The Texas offense of Obstructing Highway or Other Passageway makes it illegal to obstruct a highway or “other passageway” without legal privilege or authority. It also requires you to move if law enforcement makes a “reasonable” request for you disperse during a public safety event (like a riot) or to prevent the obstruction of a highway or passageway. The offense is a Class B misdemeanor.1
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Obstructing a Highway is sometimes offered by state prosecutors as a reduced charge as part of a plea bargain in a DWI case. The penalties associated with an “Obstruction” charge are significantly less than that of a DWI charge, even though both are crimes are Class B misdemeanors. The reason for this is that DWI convictions have minimum criminal penalties that are specific to DWI, and there are non-criminal penalties (like license suspensions, insurance premium hikes, DPS surcharges, etc.) associated with a DWI conviction that are not associated with an Obstructing a Highway.
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The Obstructing a Highway offense describes two different scenarios: one in which someone is currently obstructing a highway or other passageway, and one in which someone may not be obstructing anything, but instead ignores an order from law enforcement to disperse or move. The law of the Obstructing a Highway charge is discussed in more detail below.
The offense of Obstructing a Highway is described in Texas Penal Code Section 42.03(a) as follows:
A person commits an offense if, without legal privilege or authority, he intentionally, knowingly, or recklessly:
(1) obstructs a highway, street, sidewalk, railway, waterway, elevator, aisle, hallway, entrance, or exit to which the public or a substantial group of the public has access, or any other place used for the passage of persons, vehicles, or conveyances, regardless of the means of creating the obstruction and whether the obstruction arises from his acts alone or from his acts and the acts of others; or
(2) disobeys a reasonable request or order to move issued by a person the actor knows to be or is informed is a peace officer, a fireman, or a person with authority to control the use of the premises:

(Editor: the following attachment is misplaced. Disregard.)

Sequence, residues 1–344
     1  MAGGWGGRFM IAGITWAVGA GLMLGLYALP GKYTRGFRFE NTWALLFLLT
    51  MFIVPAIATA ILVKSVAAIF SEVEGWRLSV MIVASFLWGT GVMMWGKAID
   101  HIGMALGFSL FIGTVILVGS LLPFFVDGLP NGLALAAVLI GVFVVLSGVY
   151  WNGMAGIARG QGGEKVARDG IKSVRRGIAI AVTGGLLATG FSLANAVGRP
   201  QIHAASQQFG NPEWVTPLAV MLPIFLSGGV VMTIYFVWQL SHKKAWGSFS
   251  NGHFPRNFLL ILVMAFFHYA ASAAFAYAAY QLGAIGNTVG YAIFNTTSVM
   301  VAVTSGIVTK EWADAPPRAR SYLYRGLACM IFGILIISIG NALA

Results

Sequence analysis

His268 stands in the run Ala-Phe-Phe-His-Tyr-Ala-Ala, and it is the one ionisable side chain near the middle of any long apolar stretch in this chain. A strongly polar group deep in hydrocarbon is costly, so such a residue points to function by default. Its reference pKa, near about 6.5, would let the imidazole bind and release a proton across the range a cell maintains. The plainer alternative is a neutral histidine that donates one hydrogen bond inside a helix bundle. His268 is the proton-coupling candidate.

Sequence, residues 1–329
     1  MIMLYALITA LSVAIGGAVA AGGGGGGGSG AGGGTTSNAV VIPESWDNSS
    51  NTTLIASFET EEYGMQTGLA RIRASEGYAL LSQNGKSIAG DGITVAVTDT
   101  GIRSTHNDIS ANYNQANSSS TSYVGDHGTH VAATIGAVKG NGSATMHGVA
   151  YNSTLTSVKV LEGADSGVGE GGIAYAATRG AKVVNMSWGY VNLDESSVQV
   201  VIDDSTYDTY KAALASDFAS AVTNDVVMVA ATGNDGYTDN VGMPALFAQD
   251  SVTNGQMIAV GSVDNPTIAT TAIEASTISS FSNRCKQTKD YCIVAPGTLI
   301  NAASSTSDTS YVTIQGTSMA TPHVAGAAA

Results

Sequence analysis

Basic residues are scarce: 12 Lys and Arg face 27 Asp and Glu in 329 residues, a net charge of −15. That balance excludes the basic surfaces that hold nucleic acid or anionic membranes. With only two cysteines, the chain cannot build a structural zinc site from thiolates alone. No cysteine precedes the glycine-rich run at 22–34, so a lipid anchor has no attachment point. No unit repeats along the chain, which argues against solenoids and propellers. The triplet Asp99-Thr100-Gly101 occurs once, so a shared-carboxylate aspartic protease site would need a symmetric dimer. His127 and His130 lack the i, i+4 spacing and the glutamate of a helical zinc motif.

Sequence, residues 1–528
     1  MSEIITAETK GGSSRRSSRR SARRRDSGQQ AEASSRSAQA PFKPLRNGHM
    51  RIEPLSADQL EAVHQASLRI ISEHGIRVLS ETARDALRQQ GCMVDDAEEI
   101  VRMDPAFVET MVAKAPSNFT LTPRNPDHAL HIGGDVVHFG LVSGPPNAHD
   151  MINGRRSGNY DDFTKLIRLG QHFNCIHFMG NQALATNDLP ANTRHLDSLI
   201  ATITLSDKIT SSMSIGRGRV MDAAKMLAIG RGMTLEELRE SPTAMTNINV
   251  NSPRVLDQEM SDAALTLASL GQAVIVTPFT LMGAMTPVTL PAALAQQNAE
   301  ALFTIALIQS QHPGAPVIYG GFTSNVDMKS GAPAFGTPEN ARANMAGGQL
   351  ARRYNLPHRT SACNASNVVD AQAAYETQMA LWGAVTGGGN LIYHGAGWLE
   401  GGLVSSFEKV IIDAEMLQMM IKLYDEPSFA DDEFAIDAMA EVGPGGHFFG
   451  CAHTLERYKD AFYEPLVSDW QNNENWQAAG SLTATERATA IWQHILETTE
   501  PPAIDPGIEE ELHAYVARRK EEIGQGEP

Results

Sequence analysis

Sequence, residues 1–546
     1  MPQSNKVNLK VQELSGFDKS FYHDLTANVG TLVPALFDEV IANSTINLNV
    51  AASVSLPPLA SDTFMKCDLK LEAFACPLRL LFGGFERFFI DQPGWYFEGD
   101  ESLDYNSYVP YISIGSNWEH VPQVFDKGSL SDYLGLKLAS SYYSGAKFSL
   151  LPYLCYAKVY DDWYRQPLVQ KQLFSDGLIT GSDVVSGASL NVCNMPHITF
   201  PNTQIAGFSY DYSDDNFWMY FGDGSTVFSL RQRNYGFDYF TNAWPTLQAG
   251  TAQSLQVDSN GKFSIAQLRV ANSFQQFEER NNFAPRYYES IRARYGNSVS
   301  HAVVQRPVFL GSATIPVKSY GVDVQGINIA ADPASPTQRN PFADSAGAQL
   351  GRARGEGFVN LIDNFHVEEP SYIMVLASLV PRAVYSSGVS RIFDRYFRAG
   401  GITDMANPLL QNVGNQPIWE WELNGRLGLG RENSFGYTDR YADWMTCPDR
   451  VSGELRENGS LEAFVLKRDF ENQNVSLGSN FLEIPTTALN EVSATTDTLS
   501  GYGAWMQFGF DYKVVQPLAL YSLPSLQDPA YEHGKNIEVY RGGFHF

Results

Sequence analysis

(A) to prevent obstruction of a highway or any of those areas mentioned in Subdivision (1); or
(B) to maintain public safety by dispersing those gathered in dangerous proximity to a fire, riot, or other hazard.
Therefore, if you are charged with Obstructing a Highway, the state’s attorneys must prove that you obstructed a highway or one of the other listed passageways, and you can be convicted whether you were acting alone or as part of a group. However, you must have been acting intentionally, or with knowledge that you were doing the obstructing, or recklessly as to whether you were doing the obstruction. You don’t have to know you were committing a crime, you just have to be aware of your actions or be acting recklessly as to the possibility that you were creating the obstruction.
You can also be convicted if you “intentionally, knowingly, or recklessly” refused to move after being told by a police officer (or fireman or anyone else who has the authority to control the premises) to move. However, the request must have been reasonable, so the request can’t have been issued just to harass you. Of course, the reasonableness of the request will ultimately be determined by a jury or a judge after you have been arrested. The state’s attorneys must also prove that you knew or were informed that the person had the authority to tell you to move, and they must also prove that reason for telling you to move was one of those listed in (A) or (B).
The law defines “obstruct” in Section 42.03(b) as “to render impassable or to render passage unreasonably inconvenient or hazardous.” So a passageway will still be considered obstructed even if someone could “technically” pass. For instance, if someone stood in the middle of a busy highway with a gun and demanded that passers-by answer three questions before passing (Monty Python-style), that would be an obstruction in violation of the Obstruction of Highway law.
If you have been charged with DWI and the state’s attorneys are offering you an obstruction plea, it typically means that there is some defect in their case that would make it difficult or impossible to prove that you committed the DWI offense. Many counties refuse to make this kind of offer, but some (including Dallas County and Harris County) will consider it. However, whether or not you should accept this plea bargain is a different question.
If the prosecuting attorney believes the case is so bad that they are willing to plea it down to Obstruction, then you should consider fighting the case in trial. Everyone is entitled to a jury trial, and if the state is unable to prove their case, then a jury should find you Not Guilty. A Not Guilty verdict is always better than a Guilty verdict, even if the Guilty verdict came as a result of you accepting an Obstruction plea bargain offer. A Guilty verdict will remain with you forever, and there is no mechanism under the law to remove the Guilty verdict from your record no matter how much time passes.
On the other hand, there is always a risk in going to trial. No attorney can promise that a jury will find you Not Guilty. So accepting the plea bargain agreement to an Obstruction plea will eliminate any risk that you are found Guilty of a DWI. This is a valuable outcome, and it has many other benefits including saving a lot of time. It is a decision you should not take lightly and discus with your defense attorney. If you have been offered an Obstruction plea and are unsure whether you should accept it, please call us now.
1 Texas Penal Code Section 42.03(c)